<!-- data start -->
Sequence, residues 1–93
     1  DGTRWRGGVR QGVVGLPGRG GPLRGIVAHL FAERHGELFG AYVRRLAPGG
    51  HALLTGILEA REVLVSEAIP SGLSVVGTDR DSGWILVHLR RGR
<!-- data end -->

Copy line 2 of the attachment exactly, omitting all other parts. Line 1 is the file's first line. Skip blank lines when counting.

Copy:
     1  DGTRWRGGVR QGVVGLPGRG GPLRGIVAHL FAERHGELFG AYVRRLAPGG